On Friday 4/29/11 we had our students read the following articles to gain different perspectives on the food desert issue.
The first article the PALOMA students read called “Grocery closings hit Detroit hard” is a hyperbole statement of why cities of low socioeconomic status have become food deserts and implies that there is underlying racism behind the choices of corporate businesses. This is seen when they are choosing a location to build a new store. They avoid low-income areas because they think crime and vandalism is higher in these communities and they want to avoid property losses and damages. The big supermarkets do not care that these communities and cities are food deserts; they care about profit only. The racism in the article is explicit using derogatory terminology and putting the blame on the people of city which reflects the feelings of the corporate. It seems to be an over exaggeration but it definitely gets the point across to demonstrate the degradation of the community because of the social hierarchy caused by big corporations.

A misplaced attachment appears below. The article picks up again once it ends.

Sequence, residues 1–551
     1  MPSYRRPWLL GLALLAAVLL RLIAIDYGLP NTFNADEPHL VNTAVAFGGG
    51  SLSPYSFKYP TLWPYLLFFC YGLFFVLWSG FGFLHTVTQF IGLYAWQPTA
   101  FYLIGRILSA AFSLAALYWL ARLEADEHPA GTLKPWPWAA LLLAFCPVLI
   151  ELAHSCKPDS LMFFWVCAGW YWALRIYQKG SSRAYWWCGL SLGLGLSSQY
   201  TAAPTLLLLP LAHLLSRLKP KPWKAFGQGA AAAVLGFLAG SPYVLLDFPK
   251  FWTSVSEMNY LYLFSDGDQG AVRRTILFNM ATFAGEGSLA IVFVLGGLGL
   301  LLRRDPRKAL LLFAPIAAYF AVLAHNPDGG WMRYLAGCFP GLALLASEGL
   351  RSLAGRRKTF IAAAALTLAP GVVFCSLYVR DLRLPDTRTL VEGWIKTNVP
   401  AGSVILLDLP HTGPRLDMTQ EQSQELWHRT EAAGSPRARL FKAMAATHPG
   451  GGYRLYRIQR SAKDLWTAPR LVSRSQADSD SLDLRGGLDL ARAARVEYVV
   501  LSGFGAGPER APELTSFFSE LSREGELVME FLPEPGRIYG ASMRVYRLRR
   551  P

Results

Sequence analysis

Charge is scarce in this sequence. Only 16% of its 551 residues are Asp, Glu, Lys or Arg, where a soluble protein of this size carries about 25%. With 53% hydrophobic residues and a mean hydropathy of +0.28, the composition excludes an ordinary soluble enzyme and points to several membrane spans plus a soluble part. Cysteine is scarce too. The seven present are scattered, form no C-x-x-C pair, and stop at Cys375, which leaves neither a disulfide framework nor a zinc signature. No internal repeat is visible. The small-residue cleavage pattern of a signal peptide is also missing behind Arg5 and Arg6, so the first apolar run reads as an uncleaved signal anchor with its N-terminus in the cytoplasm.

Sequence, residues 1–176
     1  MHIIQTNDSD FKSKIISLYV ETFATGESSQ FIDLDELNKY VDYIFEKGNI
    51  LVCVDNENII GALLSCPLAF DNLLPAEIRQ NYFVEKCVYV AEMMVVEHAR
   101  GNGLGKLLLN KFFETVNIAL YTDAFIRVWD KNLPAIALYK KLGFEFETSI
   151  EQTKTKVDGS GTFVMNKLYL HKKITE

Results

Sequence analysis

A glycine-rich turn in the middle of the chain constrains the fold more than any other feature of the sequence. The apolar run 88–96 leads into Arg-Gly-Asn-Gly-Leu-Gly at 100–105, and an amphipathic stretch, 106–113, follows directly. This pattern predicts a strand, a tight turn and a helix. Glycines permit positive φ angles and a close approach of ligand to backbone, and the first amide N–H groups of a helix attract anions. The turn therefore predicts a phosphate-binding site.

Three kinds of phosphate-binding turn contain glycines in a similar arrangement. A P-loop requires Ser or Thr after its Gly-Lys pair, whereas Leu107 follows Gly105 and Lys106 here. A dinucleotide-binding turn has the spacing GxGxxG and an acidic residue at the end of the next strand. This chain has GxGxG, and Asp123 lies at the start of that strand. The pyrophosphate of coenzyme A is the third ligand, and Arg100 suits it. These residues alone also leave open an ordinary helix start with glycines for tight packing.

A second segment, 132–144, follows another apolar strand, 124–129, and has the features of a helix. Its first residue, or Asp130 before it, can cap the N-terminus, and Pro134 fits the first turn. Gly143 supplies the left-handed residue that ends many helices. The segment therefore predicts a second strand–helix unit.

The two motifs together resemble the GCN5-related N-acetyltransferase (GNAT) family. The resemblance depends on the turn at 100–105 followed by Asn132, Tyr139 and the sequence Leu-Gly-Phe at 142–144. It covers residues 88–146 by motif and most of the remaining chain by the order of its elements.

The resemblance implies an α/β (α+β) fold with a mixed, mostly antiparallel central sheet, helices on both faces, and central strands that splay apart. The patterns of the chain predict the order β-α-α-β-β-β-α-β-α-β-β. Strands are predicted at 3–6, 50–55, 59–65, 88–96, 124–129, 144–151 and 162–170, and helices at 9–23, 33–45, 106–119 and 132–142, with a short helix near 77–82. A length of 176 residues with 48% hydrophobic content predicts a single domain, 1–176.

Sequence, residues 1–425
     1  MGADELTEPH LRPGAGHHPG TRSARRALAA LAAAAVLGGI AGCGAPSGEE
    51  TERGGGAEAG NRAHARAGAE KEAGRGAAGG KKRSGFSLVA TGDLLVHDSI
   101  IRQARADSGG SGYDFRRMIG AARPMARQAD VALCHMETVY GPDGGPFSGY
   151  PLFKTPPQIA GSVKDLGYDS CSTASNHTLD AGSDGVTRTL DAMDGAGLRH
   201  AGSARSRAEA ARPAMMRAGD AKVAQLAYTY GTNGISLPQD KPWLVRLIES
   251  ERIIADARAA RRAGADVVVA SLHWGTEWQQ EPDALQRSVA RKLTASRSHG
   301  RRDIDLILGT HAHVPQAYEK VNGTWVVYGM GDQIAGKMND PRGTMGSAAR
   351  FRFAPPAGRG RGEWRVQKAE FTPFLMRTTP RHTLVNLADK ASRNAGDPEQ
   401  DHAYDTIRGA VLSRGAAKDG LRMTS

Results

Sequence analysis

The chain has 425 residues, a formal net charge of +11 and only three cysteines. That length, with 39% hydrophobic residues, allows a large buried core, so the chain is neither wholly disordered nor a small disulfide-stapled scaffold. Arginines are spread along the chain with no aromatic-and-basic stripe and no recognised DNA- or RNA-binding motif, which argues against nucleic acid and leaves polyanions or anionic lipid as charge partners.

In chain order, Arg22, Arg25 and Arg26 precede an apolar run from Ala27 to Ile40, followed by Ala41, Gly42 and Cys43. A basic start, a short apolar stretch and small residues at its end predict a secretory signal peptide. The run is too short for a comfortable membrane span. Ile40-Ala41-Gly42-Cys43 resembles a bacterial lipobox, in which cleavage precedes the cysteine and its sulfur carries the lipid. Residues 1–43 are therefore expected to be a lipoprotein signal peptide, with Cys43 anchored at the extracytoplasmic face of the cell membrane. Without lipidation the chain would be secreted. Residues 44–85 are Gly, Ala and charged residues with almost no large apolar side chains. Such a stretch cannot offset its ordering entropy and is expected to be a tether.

The second article, “The Grocery Store” critiques different communities’ feelings towards grocery stores. People have high expectations of their local super-market and it is difficult to find the perfect one. Wal-Mart is an example of being “too big” and of course big is always bad. This article, too, is somewhat of an exaggeration because it lists all of the requirements a food store should have before being accepted into a community. The list includes having higher wages for employees, buying locally grown food, and should not leave an insanely large carbon footprint. All of these are reasonable, but when people expect the grocery store to not make a profit, it seems unlikely to find a store that meets all of the qualifications. It seems to be conflicting for the grocery store owners because they too have to make a living while providing the community with what they want and need.
These articles are relevant for PALOMA because they are working on making changes to a local store to make it healthier and more sustainable while keeping the prices affordable so all people can access it.
By Brianna and Amanda